Every time you start nodding your head about them evil lawyers and all. And, every time "tort reform" starts sounding good. Just step back a little bit...

(from the excellent blog, Limited, Inc. definitely a step above the usual lefty site.

Sunday, January 09, 2005
LI, having a soft spot in our lungs, er, our heart for unfairly treated corporate behemoths – takes up the case of two victims today: W.R. Grace and Dresser.

W.R. Grace is mentioned by an article in this week’s Chemical Market Reporter, in an article hailing – or salivating over -- the coming breakthrough in Tort “Reform” legislation, in which little litigants everywhere will be forced to cram their iron lungs, their expensive pills, and their seedy little declining lives, as well as those of their worthless children, up their asses. These people have the gall to expect justice in a system that is built for profit. But as the CMR explains, breathlessly:

“Over 70 companies have been forced into bankruptcy by asbestos, including W.R. Grace & Co., and the problem seems to be growing as new claims continue to pour into the legal system.”

Now, that must hurt Bush-ites everywhere. Remember Reagan’s favorite entrepreneur, J. Peter Grace? Remember the award for ceos – the Grace award – given for outstanding service in the ripping off of the citizenry? Remember the town of Libby, Montana? That state that went whole heartedly for Mission Accomplished in the last election?

Here’s the first three grafs of a review of a book about Libby, written by a Mother Jones staffer, Andrea Peacock.

“It's never been easy to make a living in Libby, Mont. Citizens in this town of 12,000, tucked into the dense, damp conifer forests of northwestern Montana, have long scraped by on seasonal logging jobs and other sporadic work. So in the 1920s, when local entrepreneur Edward Alley discovered that a nearby vermiculite deposit yielded an efficient, lightweight insulation and fireproofing material, Libbyites were thrilled.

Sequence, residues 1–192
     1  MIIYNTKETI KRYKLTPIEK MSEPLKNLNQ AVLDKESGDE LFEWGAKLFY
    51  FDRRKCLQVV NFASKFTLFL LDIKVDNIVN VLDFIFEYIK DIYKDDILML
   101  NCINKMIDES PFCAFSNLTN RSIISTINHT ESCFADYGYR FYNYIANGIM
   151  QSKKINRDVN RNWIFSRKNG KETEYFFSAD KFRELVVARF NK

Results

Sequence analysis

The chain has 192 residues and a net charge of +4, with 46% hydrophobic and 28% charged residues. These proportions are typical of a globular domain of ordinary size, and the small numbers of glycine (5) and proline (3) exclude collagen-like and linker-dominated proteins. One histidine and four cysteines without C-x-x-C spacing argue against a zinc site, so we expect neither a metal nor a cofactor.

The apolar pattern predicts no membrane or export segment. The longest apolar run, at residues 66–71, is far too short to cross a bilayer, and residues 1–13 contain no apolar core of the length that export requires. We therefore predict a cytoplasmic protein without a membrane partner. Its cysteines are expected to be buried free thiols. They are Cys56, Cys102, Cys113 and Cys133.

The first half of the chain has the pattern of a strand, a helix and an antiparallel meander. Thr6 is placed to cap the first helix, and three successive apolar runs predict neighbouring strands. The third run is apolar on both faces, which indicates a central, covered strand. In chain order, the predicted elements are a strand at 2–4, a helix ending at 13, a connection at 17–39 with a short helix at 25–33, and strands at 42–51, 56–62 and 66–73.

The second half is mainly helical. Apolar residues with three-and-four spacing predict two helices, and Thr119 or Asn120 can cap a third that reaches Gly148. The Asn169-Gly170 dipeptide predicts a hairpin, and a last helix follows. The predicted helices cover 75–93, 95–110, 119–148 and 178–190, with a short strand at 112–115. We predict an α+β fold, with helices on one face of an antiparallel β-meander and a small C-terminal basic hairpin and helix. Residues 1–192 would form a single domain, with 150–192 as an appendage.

For decades, the mine -- dubbed Zonolite, like the brand-name insulation it produced -- offered the best jobs in town. Townspeople bragged that their local product had "a hundred and one uses"; they put it in their garden soil and their Little League ball fields, and said it could even be used to make mold-resistant whole-wheat bread. When the Zonolite mine was sold to the multinational company W.R. Grace in 1963, not much changed for the Libby workers. Vermiculite mining and processing was hard work, and terribly dusty, but the mine jobs continued to pay better, and last longer, than anything else around.

In the 1970s, some current and former mine workers started to notice some shortness of breath; gradually, they became tethered to oxygen tanks and bound to their homes. Some developed rare, excruciating cancers. Worse, their wives, kids, and even some Libby residents with no connection to the mine started to develop similar symptoms. Only a few doctors recognized the lesions on their patients' lungs for what they were: the signature symptom of asbestosis. It took dozens of painful deaths for Libby residents to admit that "their" company, W.R. Grace, had knowingly allowed its mine workers, its mine managers, and their families and neighbors to be poisoned with tremolite, a particularly nasty form of asbestos contained in Libby's vermiculite deposit.”